One of the petition organizers working with White, Khadijah Rashad, has for more than 20 years kept in a roller suitcase, locked in a secret compartment of her bedroom closet, an archive of racial violence in the parish. Ackal is the third consecutive sheriff to be taken to court on alleged civil rights violations. Before Hebert’s stunt at the 2006 Sugar Cane Festival, his predecessor, Errol Romero, settled a lawsuit in which he and his jail warden were indicted on charges related to their forcing prisoners to sit in restraint chairs for weeks at a time, and hogtying prisoners with their mouths taped and football helmets placed backward over their heads.

After five hours, White was still leaping through traffic, hailing passers-by, collecting signatures. The recall event had expanded into a more general protest — a protest of parish history, Louisiana history, national history. “You got these ignorant people in positions of power, and they’re abusing it,” Whitney Lee said.

“They call it corruption,” Rashad said. “I call it racism.”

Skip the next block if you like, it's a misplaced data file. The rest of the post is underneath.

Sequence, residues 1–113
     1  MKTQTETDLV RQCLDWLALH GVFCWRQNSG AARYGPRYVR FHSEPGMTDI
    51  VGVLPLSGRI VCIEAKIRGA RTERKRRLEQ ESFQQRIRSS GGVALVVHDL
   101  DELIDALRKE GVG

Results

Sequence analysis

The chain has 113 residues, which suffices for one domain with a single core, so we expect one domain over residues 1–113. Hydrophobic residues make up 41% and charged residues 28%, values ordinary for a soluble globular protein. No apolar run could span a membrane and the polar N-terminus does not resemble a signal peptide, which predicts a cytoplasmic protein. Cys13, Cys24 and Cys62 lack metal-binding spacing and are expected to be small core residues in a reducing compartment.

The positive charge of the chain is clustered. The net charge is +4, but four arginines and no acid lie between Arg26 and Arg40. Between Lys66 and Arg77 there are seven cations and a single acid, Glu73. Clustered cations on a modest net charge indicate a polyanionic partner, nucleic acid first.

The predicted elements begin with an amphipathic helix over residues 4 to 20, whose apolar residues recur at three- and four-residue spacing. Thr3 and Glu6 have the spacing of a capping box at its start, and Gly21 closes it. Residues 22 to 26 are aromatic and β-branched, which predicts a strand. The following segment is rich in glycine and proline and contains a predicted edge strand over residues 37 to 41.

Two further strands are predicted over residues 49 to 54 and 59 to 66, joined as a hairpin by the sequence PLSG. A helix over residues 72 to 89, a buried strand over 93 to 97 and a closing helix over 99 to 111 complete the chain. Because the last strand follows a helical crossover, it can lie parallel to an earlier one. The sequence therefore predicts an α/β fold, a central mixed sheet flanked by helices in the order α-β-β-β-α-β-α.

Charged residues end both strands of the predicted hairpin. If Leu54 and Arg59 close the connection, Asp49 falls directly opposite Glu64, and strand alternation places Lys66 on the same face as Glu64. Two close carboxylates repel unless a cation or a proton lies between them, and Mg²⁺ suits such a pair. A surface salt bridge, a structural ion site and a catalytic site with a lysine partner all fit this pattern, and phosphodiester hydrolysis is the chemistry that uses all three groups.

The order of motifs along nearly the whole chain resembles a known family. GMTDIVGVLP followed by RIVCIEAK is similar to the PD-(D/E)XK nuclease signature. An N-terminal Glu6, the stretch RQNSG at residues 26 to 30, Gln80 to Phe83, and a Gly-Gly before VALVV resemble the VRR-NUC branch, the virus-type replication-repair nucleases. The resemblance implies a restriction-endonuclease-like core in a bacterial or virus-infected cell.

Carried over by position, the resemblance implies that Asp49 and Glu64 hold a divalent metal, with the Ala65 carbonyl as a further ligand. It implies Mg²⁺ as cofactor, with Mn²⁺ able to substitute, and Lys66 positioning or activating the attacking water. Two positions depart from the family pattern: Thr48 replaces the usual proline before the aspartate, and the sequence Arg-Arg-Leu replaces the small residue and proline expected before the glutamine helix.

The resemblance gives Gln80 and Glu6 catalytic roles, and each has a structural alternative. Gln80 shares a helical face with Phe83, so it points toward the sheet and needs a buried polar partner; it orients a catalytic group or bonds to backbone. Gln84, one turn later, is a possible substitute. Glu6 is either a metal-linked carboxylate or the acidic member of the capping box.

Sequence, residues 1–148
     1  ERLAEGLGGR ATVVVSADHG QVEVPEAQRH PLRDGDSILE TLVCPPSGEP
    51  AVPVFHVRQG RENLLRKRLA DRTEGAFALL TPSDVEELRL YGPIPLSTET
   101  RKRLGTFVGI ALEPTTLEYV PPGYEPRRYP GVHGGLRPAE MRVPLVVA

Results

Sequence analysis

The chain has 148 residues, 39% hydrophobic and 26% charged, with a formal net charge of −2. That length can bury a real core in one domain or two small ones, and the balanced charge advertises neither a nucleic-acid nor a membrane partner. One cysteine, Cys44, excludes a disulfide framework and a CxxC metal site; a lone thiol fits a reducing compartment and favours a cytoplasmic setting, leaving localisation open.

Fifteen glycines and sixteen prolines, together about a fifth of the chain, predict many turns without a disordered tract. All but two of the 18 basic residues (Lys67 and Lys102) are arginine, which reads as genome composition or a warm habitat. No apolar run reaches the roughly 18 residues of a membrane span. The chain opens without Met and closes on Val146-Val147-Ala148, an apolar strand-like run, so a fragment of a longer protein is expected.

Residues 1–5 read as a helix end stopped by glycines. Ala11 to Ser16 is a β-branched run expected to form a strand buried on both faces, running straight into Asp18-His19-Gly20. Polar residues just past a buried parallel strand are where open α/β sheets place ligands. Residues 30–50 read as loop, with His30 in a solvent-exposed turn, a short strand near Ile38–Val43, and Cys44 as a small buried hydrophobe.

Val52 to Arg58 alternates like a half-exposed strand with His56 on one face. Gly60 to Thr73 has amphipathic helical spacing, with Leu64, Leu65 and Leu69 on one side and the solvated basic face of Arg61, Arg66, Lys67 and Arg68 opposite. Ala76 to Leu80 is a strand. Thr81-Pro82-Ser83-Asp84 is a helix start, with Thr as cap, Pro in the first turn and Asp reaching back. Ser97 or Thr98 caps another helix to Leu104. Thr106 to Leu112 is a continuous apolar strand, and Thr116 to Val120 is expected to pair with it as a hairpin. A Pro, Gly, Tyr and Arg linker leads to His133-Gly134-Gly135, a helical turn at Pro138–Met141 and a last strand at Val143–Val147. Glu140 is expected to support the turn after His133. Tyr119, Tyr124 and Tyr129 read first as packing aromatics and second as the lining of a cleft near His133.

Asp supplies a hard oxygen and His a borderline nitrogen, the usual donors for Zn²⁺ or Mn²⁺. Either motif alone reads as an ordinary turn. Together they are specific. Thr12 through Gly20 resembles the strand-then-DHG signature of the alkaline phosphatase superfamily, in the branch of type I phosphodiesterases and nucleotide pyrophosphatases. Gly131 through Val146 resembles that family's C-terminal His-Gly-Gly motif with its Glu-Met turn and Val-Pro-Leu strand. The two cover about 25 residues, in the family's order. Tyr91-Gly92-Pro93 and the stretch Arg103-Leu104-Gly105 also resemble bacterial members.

Though neither the Iberia parish president nor the mayor of New Iberia called for Ackal’s removal from office, the Louisiana Sugar Cane Festival replaced his department on the security detail for last year’s festival with officers from Youngsville, a small town 15 miles northwest. Ackal, by then, had bigger problems. He had asked the judge to reconsider the decision to confiscate his gun “in view of what’s happening across the country,” referring to the recent shootings of police officers; two months earlier, Louisiana passed a Blue Lives Matter law, the first in the nation, which gave the police hate-crime protections. The judge was unsympathetic to Ackal’s argument. A week before the festival, federal prosecutors added additional details to the indictment, charging that Ackal had ordered the destruction of the department’s internal-affairs files and routinely instructed his officers to falsify police reports.